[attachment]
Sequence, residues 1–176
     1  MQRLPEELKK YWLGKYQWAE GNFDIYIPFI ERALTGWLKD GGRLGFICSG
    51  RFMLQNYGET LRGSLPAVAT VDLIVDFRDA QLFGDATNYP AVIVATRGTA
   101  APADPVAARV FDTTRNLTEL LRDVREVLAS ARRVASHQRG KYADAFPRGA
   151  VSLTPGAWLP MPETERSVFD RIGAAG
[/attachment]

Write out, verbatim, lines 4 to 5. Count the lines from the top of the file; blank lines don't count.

   101  APADPVAARV FDTTRNLTEL LRDVREVLAS ARRVASHQRG KYADAFPRGA
   151  VSLTPGAWLP MPETERSVFD RIGAAG